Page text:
The Wheeling Park High School bluegrass band has received some well-deserved recognition at one of its favorite performing venues.
The band returned to the Gettysburg (Pa.) Bluegrass Festival to perfom on the main stage in mid-May. A feature article about the band and three photographs of the group appeared on the front page of a special festival supplement published by the Evening Sun newspaper in Gettysburg.
Heather Faulhefer, of the Evening Sun staff, wrote that the Wheeling Park bluegrass band "made a triumphant return" to the festival, performing one evening and presenting a workshop the next morning.
"For the six kids of the Wheeling Park band, it was the first time on the stage at Gettysburg," Faulhefer stated. "But older festival attendants might remember the years of watching the band, seeing its former members grow from freshmen to seniors and becoming better musicians along the way."
The band's founder and teacher, Bob Turbanic, said he had been leading the band for six years when the group performed on the workshop stage at Gettysburg in 1999. After hearing many favorable comments from concert-goers, Joe Cornett, the festival's founder, got the band on the main stage for subsequent years.
However, the article pointed out, the scheduling of West Virginia's statewide standardized test interferred with the band's gig when the WESTEST began to fall on the same week as the Gettysburg Bluegrass Festival. This year, though, two fluke occurrences propelled the bluegrass band back to Gettysburg. The WESTEST was pushed up a week earlier than usual, and a cancellation at the festival prompted owner Rich Winklemann to call Turbanic and invite the group to return.
The newspaper reporter observed that, for the students and the teacher, keeping the band going is "a labor of love," as they rely on donated instruments and monetary contributions.
Turbanic told the Gettysburg paper that four or five band members have gone on to perform professionally, including Amanda Kowalski, the co-founder and former band member of Della Mae.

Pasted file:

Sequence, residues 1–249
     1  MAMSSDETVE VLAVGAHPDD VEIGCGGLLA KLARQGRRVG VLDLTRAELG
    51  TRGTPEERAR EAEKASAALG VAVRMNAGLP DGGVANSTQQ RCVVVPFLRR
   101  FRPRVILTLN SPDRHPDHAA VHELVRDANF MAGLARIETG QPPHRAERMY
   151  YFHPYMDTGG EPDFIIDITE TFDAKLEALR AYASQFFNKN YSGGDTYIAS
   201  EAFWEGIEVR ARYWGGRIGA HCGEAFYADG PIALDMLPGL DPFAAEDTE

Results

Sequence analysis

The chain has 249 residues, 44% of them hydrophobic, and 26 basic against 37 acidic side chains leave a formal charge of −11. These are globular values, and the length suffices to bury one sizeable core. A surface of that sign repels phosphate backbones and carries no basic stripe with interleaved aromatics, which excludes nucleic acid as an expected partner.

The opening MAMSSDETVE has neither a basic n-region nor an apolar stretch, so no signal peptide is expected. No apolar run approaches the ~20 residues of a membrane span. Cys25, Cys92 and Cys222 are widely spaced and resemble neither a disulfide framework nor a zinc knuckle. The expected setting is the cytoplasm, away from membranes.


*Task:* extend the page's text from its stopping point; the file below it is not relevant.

We have grown accustomed in the Ohio Valley to absorbing bad economic news, so it's always a pleasure to read news of good economic developments. Making that joy even sweeter is when a national news organization (especially one known for bashing the tri-state area whenever it gets a chance) discovers and reports that good news.
An article published in the New York Times this past week stated that American Mug and Stein Co., a small pottery in East Liverpool, has experienced a turnaround since securing a contract to make coffee mugs for Starbucks.
According to the Times, the East Liverpool manufacturer was on the verge of closing last fall, until Ulrich Honighausen, owner of Hausenware, a tableware company in California, called with a plan to pair American Mug and Starbucks.
"I almost didn't take his call because I figured it was a crank call or something," Clyde M. McClellan, owner of American Mug, told the Times.
Fortunately, McClellan took the call, and the offer was legitimate. His company's mugs went on sale in Starbucks stores across the country Tuesday, June 12, as part of a new line of American-made merchandise branded Indivisible.
The New York Times article stated, "American Mug's production has kept four people employed and created eight more jobs here (in East Liverpool), and money from the sale of the mugs and other Indivisible merchandise will go to support Starbucks' Create Jobs for USA Fund."
Happy Father's Day! If you're still trying to think of how to honor a special father, you could always go to Starbucks and buy dear old dad an Indivisible mug made in good old East Liverpool!
Linda Comins can be reached via e-mail at: Comins@news-register.net